Do you have an Android phone? If so, you could be a little surprised to know that although Android is based on Linux, large parts of the Android operating system are also programmed in Java and most apps are made using the Java programming language. As is the case with most software that is used on the internet like web browsers, security software and Windows itself, the Java Runtime Environment (JRE) is updated at regular intervals as well. Java is no different to other software and needs bugs fixing, code optimizing and security vulnerabilities repaired from time to time. The problem has always been with Java, that when you install a new version, the older version it replaces does not get automatically uninstalled and you are left with more than one version on your system.
This isn’t particularly good for security having the older versions still lingering on the computer, because they may have been replaced due to severe security issues.It’s not unusual to see several different Java versions still existing on the same machine and in some cases Java gets a bit confused with itself about which version it’s actually running, and in turn, this causes it to not function correctly. Then you have no option but to go through the removal process yourself to get rid of all the JavaRE installs.
The latest release of the Java Runtime Environment is always supposed to be compatible with previous versions, but Oracle say it’s not a problem to keep older versions for maximum compatibility. This does though, seem to cause more problems than it solves by keeping them around in my experience, and it’s likely to be a better idea to remove them.
A little utility to help you sort this out by removing the older and therefore redundant Java releases is JavaRa.
One of the primary tasks of JavaRa is to make sure you have the latest version of the Java Runtime Environment installed. When you click on the “Search for Updates” button, you have the choice of trying to update using your installed JavaRE’s jucheck.exe updater tool, or via the Java website.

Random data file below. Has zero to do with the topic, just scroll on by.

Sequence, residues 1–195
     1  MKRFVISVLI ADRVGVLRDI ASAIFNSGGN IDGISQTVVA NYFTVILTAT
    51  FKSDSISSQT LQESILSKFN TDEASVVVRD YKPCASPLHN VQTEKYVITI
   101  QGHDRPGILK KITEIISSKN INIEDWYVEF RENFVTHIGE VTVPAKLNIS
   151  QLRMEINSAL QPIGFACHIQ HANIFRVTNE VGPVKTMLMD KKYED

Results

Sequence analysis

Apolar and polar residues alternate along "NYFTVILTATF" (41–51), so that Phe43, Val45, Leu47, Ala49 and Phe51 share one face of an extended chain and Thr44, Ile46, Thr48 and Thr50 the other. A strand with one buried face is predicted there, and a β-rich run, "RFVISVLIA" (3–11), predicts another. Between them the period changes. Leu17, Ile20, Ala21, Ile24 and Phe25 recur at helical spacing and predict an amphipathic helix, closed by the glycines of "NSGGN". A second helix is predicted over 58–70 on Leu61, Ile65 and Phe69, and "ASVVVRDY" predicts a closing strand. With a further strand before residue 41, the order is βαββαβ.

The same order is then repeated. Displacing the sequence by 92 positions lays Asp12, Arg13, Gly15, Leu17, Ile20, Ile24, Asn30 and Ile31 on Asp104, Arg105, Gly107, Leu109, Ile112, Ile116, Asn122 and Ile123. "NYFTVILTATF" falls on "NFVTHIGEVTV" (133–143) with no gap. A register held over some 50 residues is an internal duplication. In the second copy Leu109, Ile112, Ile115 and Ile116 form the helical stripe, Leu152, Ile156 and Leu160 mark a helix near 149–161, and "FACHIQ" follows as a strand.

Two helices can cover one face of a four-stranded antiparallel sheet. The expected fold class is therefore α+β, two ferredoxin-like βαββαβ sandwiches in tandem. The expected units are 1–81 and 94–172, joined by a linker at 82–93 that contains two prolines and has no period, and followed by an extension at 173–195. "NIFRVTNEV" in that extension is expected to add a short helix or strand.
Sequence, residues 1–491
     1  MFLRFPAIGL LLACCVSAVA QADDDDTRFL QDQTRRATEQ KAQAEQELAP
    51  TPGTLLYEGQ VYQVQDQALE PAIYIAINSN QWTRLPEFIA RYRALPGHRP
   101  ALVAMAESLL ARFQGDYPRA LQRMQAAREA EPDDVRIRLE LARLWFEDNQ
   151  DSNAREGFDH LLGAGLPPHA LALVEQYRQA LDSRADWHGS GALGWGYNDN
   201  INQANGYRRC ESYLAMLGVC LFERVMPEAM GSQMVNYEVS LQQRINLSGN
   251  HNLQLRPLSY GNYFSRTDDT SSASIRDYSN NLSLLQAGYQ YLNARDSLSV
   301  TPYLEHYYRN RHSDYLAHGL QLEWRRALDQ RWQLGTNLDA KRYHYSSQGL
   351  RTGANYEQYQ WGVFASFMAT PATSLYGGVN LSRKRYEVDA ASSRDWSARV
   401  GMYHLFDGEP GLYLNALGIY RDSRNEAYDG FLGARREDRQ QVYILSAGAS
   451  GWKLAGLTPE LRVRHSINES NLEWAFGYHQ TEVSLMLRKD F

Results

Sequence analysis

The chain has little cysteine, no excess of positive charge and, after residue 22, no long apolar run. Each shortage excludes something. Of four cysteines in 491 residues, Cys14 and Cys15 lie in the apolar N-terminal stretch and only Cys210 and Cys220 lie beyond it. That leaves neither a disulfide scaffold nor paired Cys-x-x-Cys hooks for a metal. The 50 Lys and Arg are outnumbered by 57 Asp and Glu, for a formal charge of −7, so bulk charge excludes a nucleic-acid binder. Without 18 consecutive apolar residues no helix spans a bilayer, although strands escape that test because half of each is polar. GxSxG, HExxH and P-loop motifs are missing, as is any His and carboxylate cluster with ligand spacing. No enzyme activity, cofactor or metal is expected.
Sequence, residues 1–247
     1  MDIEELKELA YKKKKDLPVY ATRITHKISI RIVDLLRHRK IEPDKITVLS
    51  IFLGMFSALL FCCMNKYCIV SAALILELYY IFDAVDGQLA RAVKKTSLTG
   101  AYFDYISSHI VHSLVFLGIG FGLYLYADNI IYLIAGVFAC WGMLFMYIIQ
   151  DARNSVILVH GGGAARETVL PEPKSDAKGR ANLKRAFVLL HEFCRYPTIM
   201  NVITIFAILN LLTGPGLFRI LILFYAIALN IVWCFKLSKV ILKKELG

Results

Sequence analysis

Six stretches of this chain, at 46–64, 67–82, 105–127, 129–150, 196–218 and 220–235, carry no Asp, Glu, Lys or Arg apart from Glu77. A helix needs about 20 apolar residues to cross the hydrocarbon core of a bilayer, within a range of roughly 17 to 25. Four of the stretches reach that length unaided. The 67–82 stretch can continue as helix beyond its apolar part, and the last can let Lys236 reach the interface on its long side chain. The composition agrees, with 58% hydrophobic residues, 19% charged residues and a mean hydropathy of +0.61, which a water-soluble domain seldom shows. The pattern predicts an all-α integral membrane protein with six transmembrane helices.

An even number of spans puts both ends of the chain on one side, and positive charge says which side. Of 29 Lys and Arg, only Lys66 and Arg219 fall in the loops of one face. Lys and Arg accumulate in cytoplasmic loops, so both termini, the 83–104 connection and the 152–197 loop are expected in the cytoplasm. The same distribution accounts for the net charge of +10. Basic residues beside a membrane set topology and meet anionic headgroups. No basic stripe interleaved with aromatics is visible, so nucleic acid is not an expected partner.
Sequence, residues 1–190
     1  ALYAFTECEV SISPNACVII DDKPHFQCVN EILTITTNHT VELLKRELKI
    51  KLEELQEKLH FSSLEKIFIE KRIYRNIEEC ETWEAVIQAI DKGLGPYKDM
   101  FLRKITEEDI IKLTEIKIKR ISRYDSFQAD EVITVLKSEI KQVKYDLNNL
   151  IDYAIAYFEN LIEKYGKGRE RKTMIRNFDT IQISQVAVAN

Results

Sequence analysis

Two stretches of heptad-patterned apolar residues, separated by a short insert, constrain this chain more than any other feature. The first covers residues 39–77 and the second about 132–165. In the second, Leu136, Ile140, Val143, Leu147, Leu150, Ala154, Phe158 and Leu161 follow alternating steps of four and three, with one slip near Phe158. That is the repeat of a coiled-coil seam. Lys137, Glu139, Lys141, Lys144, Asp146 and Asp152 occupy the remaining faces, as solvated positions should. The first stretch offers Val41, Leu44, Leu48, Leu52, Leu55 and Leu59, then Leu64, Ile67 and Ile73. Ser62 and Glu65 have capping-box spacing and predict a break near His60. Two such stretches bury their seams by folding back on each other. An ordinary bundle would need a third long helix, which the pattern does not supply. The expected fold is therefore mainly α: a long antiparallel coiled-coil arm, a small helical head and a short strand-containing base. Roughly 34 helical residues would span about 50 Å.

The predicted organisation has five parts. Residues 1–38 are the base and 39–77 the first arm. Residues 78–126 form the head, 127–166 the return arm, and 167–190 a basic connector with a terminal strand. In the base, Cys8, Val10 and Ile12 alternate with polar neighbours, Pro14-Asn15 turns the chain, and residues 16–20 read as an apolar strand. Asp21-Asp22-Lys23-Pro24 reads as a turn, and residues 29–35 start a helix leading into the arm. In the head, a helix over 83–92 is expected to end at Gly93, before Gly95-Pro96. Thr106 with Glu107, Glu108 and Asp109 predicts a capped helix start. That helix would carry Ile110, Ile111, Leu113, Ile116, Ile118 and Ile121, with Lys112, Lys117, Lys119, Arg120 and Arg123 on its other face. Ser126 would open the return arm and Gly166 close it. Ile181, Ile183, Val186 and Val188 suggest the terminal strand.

The other main function of JavaRa is to purge the system of all old Java installation files leaving just the newest version. The “Remove older Versions” button does this and you will be showed a text log file on completion with information about what files and registry entries have been removed. This is obviously good for security, gives you a few Megabytes of free space, and removes some useless registry keys. Before you use this option, it is recommended to close any Internet Explorer windows currently open.
There is an “Additional tasks” button which hosts a few other options such as removing the Java entry from the Windows startup, removing the Sun/Oracle download manager which is included in JRE, checking the current Java installed version, and removing the Internet Explorer Browser Helper Object etc.
JavaRa is a small, portable and free utility that works with Windows XP, Windows Vista and Windows 7. Administrator privileges are required in Vista and 7 (right click, “Run as Administrator”).